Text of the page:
WINDSOR, ONT. -- Doctors are sounding the alarm after an alarming number of pregnant women have landed in the intensive care unit at Mount Sinai hospital in Toronto, suffering more severe effects of COVID-19.

“It’s heartbreaking and devastating to see young and healthy individuals who are coming in, deteriorating very rapidly in front of our eyes and ending up unable to speak or breathe, and ending up on a ventilator,” says Dr. Wendy Whittle, Mount Sinai’s head of labour and delivery.

Thirty per cent of patients in the hospital’s main ICU are pregnant or immediately postpartum women with COVID-19.

Doctors say the spike in severe symptoms among pregnant women has been sudden, and that expectant mothers appear especially susceptible to the variants.

“Requiring support for breathing, requiring ICU admissions, mechanical ventilation, high levels of oxygen, and not just the pregnant person needing support, it’s not safe for the pregnancy itself,” says Dr. Tali Bolger, the chair of family medicine obstetrics and St. Michael’s Hospital.

Now, The Ontario Society of OBGYNs are calling for the immediate prioritization of pregnant women for vaccination to protect them and their babies.

It’s a story Andrea Weston of LaSalle is watching closely, as she and her husband are expecting their first child in a few weeks.

Weston works in the healthcare field and because of her daily work, qualified for her first dose of a vaccine about one month ago.

“I consider myself very, very lucky,” she says, noting some pregnant mothers haven’t even had access to a single dose.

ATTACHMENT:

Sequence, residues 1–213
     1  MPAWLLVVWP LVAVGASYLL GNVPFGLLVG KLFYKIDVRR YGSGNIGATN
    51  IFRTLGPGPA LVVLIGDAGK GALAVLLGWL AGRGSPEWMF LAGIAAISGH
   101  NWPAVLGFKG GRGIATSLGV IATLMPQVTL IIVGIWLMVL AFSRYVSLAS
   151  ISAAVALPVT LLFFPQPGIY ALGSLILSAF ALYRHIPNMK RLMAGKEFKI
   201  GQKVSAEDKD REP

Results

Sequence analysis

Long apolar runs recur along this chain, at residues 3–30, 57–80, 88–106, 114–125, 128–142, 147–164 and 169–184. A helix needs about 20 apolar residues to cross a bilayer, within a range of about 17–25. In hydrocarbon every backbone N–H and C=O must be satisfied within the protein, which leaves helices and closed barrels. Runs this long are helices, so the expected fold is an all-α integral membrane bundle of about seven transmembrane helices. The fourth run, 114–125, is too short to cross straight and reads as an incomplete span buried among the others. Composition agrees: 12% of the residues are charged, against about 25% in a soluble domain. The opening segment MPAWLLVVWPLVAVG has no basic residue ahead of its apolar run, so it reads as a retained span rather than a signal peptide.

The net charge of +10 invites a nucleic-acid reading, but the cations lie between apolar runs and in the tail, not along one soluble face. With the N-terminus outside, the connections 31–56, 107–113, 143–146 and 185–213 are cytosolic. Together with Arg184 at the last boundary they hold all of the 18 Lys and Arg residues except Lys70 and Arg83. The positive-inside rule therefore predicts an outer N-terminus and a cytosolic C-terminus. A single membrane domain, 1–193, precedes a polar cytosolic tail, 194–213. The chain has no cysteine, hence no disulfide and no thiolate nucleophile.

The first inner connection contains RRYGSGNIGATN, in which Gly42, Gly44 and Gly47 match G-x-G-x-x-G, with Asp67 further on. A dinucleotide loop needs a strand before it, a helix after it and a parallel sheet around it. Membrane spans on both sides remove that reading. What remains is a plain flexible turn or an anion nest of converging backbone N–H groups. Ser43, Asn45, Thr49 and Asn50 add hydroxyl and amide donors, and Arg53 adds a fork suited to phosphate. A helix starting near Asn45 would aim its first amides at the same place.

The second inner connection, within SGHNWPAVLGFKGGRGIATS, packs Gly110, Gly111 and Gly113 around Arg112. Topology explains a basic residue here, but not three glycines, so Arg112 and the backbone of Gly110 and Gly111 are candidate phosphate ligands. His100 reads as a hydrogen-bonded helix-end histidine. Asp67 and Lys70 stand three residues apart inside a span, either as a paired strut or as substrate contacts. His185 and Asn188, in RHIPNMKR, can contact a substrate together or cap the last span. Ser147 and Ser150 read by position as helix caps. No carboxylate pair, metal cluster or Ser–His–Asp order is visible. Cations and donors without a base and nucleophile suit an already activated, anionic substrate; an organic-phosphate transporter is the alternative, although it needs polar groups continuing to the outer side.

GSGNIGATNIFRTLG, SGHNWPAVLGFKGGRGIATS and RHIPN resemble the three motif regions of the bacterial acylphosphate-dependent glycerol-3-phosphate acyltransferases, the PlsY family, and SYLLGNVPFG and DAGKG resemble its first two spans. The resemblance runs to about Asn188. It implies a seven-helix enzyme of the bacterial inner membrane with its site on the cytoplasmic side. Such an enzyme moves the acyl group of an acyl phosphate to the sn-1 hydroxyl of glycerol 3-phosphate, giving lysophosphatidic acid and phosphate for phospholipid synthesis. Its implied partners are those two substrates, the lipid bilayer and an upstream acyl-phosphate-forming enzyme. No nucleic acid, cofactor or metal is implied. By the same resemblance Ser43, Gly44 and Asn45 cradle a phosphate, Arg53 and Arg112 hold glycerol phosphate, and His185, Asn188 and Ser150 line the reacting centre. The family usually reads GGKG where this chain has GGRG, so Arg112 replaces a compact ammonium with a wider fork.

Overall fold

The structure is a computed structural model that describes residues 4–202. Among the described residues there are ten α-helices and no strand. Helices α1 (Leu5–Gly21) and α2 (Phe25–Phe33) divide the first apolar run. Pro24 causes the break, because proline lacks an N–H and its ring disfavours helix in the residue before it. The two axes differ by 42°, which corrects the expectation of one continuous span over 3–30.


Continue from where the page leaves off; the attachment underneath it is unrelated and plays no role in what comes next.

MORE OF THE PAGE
Weston and her OB contacted the health unit, hoping to get the second dose accelerated before the four-month mark so she could be fully inoculated prior to her child’s birth.

“If there was an opportunity to be fully vaccinated before I deliver, I was certainly motivated to make that happen,” she says. “Are we considered high risk enough to be considered full vaccination sooner?”

Dr. Wajid Ahmed, the medical officer of health at the Windsor-Essex County Health Unit says they take their advice from the national advisory committee on immunization — which isn’t suggesting shortening those vaccine intervals.

“I don’t think there are enough scientific data to validate at this time that pregnant women are at a greater risk,” says Dr. Ahmed. “They may be, I’m not saying they won’t be, but we don’t have enough scientific evidence to say.” 

On Monday, the health minister said her government did not have plans to move pregnant women higher up in the vaccine priority list. But she did say: “If a woman's physician primary physician believes it's important to immunize her quickly then, of course, we would follow the physician’s advice.”

The Ministry of Health did not respond to multiple requests from CTV News to clarify whether that meant some pregnant women could get the vaccine now.

“It’s time to consider the risks of pregnancy right now, what our bodies are going through,” says Weston.